The Jones Memorial Library is Lynchburg’s finest example of the American Renaissance, an architectural and artistic movement that dominated American public and institutional buildings in the early 20th century. Designed by the local firm of Frye and Chesterman, the library was given by Mary Frances Watt Jones as a memorial to her husband, George Morgan Jones, a Lynchburg industrialist, merchant, and financier. Opened in 1908, the stately domed structure, with its monumental facade of Ionic columns, is an expression of the philanthropy and cultural development that followed Lynchburg’s growth at the end of the 19th century. The series of steps and terraces, constructed in 1924, was designed by Boston landscape architect Bremer Pond. The library’s collections have since been moved to another location and the building now serves as an educational center named the Patrick Henry Institute.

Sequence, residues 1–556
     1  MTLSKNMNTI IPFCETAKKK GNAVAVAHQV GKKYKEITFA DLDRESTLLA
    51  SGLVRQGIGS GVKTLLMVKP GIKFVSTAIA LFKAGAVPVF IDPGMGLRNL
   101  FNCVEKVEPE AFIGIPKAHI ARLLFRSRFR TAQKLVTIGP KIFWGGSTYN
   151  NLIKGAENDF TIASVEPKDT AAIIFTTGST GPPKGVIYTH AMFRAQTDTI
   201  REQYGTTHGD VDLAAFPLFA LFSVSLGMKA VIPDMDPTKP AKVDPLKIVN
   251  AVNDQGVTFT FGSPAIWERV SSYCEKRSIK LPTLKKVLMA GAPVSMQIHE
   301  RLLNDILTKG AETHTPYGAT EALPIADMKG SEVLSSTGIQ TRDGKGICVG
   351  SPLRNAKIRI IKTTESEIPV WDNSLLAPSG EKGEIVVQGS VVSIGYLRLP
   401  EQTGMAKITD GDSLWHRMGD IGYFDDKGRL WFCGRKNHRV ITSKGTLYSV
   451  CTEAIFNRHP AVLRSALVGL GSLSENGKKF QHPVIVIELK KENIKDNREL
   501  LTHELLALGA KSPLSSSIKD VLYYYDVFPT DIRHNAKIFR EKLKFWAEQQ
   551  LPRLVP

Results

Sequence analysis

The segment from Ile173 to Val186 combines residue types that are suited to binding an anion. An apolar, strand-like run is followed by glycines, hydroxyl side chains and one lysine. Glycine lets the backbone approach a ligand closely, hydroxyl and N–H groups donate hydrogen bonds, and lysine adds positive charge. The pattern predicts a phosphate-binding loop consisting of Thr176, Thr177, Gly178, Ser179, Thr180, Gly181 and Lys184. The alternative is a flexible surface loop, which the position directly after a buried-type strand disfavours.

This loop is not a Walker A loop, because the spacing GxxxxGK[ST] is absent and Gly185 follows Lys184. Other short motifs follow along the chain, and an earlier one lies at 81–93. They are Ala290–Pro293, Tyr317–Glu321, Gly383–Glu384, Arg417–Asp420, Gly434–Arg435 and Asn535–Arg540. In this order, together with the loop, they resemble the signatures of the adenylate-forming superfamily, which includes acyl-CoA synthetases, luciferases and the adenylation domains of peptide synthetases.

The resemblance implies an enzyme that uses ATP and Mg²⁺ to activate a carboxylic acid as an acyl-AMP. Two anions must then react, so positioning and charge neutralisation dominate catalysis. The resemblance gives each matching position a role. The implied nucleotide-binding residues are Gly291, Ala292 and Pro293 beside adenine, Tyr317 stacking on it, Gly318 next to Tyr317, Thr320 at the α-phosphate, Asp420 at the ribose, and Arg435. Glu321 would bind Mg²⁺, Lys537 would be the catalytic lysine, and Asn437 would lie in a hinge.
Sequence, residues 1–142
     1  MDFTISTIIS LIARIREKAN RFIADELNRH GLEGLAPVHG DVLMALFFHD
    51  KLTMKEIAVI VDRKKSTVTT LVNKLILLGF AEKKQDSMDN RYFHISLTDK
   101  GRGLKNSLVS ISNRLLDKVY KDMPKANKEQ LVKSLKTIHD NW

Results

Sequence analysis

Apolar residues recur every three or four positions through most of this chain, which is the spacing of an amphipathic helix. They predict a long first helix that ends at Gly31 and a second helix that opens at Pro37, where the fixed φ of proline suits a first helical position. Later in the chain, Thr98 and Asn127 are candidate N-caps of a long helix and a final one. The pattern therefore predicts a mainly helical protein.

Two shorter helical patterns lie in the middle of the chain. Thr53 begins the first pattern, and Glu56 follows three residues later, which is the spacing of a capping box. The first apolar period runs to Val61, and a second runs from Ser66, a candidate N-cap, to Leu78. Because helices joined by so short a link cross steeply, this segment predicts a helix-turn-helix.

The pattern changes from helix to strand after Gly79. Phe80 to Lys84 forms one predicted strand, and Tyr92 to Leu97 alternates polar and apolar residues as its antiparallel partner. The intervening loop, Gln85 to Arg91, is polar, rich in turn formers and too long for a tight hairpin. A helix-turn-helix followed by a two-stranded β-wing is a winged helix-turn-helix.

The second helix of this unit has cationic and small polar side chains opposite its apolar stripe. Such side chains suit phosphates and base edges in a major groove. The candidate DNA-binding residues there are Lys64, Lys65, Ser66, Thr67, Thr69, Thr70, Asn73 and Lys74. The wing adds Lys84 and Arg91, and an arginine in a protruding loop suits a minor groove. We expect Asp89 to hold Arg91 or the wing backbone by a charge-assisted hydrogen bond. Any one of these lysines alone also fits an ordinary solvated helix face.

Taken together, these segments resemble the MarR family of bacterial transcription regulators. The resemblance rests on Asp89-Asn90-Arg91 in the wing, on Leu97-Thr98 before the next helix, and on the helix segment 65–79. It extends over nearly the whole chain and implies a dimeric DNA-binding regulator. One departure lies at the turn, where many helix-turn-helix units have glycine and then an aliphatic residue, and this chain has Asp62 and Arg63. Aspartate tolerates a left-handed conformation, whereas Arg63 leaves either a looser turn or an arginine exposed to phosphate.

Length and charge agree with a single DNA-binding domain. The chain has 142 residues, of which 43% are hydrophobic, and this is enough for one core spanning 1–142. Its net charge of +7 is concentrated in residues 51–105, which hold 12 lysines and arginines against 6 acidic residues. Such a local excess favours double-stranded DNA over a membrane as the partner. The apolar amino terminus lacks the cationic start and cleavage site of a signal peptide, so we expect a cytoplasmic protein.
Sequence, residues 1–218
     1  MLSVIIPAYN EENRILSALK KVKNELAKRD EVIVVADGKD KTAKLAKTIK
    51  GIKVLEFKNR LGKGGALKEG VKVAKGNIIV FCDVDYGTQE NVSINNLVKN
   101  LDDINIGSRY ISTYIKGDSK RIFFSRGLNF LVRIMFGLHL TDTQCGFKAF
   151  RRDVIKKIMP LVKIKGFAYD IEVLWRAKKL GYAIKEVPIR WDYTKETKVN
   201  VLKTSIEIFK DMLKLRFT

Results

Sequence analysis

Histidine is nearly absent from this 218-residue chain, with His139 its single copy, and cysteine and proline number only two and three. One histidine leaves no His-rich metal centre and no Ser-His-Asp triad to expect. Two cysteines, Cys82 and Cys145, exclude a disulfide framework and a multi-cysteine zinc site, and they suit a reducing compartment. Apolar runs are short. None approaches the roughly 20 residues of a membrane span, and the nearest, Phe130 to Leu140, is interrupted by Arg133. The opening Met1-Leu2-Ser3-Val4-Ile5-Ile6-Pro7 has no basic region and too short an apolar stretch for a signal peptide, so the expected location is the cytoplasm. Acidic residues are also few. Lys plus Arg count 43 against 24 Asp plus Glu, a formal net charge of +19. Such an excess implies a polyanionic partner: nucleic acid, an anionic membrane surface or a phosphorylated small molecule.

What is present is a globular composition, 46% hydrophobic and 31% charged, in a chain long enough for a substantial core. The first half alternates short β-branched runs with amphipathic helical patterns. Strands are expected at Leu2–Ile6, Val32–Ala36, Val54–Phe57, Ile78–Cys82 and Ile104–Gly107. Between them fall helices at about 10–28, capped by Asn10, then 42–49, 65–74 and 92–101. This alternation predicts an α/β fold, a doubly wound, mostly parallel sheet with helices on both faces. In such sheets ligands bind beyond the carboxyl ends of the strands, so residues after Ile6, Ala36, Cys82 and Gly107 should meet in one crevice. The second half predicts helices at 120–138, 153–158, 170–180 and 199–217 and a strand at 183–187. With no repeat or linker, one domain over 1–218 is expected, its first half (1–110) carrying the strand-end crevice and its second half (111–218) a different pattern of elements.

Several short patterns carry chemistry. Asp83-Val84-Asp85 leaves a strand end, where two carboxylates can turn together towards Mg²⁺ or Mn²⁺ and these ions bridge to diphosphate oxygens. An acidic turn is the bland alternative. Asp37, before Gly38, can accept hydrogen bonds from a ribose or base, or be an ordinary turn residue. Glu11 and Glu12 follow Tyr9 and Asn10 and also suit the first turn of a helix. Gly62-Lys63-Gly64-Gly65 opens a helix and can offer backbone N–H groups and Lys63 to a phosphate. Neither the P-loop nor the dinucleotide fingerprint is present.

Many properties listed in the registers are private dwellings and are not open to the public, however many are visible from the public right-of-way. Please be respectful of owner privacy.
VLR: Virginia Landmarks Register
NPS: National Park Service
NRHP: National Register of Historic Places
NHL: National Historic Landmark
DHR has secured permanent legal protection for over 700 historic places - including 15,000 acres of battlefield lands
DHR has erected 2,532 highway markers in every county and city across Virginia
DHR has engaged over 450 students in 3 highway marker contests
DHR has stimulated more than $4.2 billion dollars in private investments related to historic tax credit incentives, revitalizing communities of all sizes throughout Virginia